Apple launches ARkit development platform at WWDC 2017

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Apple has jumped onto the augmented reality bandwagon by announcing ARkit development platform at its developer conference WWDC 2017.

The new development platform will enable developers create AR experiences on the iPhone and iPad. ARkit will be incorporated deep into iOS 11 that will give help Apple to create the “largest AR platform in the world”. The platform has been created in such a way that it is able to take advantage of the iPhone’s camera, motion sensors and graphics processors, to allow developers create apps and games that combines the real world with the virtual world.

As a demo of the capabilities of the AR platform, an updated version of Pokemon Go with AR capabilities as well as a AR game were shown at the WWDC.

Facebook and Google have already been investing million in augmented and virtual reality. Apple’s entrance into the augmented reality space marks the beginning of the mainstream consumer platform. Apple said that hundreds of millions of iPhones and iPads will be able to run apps created with ARkit platform.

CEO Tim Cook had hinted several times in the past that AR will be as big as the iPhone. In an interview to The Independent earlier this year, Cook said that “the smartphone is for everyone, we don’t have to think the iPhone is about a certain demographic, or country or vertical market: it’s for everyone. I think AR is that big, it’s huge. I get excited because of the things that could be done that could improve a lot of lives”.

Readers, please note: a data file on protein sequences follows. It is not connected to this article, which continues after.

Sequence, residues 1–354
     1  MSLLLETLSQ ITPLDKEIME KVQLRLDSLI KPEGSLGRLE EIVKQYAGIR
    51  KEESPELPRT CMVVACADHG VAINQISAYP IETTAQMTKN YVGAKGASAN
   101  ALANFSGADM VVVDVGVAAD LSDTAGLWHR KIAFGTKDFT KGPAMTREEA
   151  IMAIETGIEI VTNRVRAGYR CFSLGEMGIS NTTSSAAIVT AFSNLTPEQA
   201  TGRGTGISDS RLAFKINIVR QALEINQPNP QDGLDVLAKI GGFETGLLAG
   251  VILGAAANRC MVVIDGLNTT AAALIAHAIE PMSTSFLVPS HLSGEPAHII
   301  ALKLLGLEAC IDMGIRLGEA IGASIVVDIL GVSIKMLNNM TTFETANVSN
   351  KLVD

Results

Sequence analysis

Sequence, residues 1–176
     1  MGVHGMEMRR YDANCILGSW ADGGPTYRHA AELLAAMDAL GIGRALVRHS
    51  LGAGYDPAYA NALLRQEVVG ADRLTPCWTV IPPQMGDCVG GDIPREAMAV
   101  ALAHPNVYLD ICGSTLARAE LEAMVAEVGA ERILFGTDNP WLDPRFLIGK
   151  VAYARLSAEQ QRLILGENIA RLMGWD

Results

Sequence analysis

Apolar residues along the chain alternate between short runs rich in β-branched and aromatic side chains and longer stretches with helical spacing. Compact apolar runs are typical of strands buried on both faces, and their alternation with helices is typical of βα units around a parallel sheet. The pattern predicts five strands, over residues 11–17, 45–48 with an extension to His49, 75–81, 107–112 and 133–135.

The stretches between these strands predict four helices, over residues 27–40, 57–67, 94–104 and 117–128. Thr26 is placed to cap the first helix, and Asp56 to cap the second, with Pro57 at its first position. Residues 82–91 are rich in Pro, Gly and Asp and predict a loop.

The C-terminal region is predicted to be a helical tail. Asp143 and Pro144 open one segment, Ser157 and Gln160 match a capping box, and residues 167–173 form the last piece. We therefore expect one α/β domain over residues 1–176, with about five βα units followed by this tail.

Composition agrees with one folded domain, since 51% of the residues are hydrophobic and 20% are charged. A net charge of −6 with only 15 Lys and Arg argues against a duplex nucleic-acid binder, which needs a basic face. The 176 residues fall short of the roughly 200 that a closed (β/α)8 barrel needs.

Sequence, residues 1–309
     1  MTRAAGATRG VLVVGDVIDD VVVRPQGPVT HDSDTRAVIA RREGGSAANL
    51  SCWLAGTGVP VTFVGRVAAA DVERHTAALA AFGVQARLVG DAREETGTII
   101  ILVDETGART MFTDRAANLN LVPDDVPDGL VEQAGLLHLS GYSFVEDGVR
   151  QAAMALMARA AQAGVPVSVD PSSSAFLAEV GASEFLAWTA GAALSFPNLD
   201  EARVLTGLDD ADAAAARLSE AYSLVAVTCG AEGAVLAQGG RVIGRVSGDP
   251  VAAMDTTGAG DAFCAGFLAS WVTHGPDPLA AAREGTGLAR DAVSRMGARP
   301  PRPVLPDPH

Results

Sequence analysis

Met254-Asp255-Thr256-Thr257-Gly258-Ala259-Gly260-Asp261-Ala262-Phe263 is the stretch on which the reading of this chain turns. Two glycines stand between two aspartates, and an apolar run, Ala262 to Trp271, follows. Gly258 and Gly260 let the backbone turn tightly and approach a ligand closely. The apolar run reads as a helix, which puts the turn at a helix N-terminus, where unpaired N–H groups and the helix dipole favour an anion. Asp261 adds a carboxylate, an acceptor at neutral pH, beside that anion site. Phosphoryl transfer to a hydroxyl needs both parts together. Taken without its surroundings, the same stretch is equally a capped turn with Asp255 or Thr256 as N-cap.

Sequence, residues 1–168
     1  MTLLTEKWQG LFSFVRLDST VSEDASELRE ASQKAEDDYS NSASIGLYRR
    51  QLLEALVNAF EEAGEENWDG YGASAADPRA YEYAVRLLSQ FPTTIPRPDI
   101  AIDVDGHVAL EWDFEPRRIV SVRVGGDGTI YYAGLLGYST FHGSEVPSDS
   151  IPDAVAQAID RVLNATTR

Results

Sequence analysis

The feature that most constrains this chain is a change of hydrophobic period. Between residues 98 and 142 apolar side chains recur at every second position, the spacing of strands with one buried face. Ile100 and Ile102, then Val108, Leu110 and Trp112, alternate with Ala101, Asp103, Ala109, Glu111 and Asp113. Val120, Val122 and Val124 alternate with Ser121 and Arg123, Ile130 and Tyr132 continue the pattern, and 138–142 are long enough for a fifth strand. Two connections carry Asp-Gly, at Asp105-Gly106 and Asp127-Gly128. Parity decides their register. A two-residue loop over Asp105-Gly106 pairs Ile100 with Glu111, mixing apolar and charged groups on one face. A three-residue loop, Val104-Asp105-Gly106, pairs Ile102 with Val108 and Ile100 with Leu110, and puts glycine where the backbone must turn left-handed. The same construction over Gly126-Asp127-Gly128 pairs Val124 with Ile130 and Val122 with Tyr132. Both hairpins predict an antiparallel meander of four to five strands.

With the release of ARkit to developers, Apple is bringing the AR tech to the masses through iPhones and iPads that they already own. This move will make Apple a little far ahead than both Google and Microsoft in the augmented reality segment. For instance, Microsoft’s HoloLens, a headset that costs $3000, is a great example of Mixed Reality. But it’s high price is a barrier to million of potential users.

Meanwhile, Google Tango, a specialized AR platform, is available on a handful of devices. Tango needs a dedicated hardware, while Microsoft is asking you to invest in a headset that’s largely inaccessible to users. Apple isn’t even asking to invest in a special hardware to experience augmented reality apps.

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Jennifer is a professional writer with over 7 years of experience. Jennifer joined Parity Media initially as a freelancer subsequently taking up a permanent role covering a range of topics and categories.

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